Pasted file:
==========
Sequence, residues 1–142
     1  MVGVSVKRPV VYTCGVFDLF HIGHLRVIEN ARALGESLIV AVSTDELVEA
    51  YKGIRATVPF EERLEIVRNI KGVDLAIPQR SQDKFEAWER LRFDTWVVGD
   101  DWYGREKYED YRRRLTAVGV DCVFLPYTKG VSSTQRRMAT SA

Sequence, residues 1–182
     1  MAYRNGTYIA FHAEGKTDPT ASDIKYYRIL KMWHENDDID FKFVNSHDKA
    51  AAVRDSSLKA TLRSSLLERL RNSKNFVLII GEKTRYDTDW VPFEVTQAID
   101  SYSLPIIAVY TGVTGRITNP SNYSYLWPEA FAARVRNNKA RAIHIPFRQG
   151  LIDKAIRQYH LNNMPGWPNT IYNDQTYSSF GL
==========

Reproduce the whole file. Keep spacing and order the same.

Sequence, residues 1–142
     1  MVGVSVKRPV VYTCGVFDLF HIGHLRVIEN ARALGESLIV AVSTDELVEA
    51  YKGIRATVPF EERLEIVRNI KGVDLAIPQR SQDKFEAWER LRFDTWVVGD
   101  DWYGREKYED YRRRLTAVGV DCVFLPYTKG VSSTQRRMAT SA

Sequence, residues 1–182
     1  MAYRNGTYIA FHAEGKTDPT ASDIKYYRIL KMWHENDDID FKFVNSHDKA
    51  AAVRDSSLKA TLRSSLLERL RNSKNFVLII GEKTRYDTDW VPFEVTQAID
   101  SYSLPIIAVY TGVTGRITNP SNYSYLWPEA FAARVRNNKA RAIHIPFRQG
   151  LIDKAIRQYH LNNMPGWPNT IYNDQTYSSF GL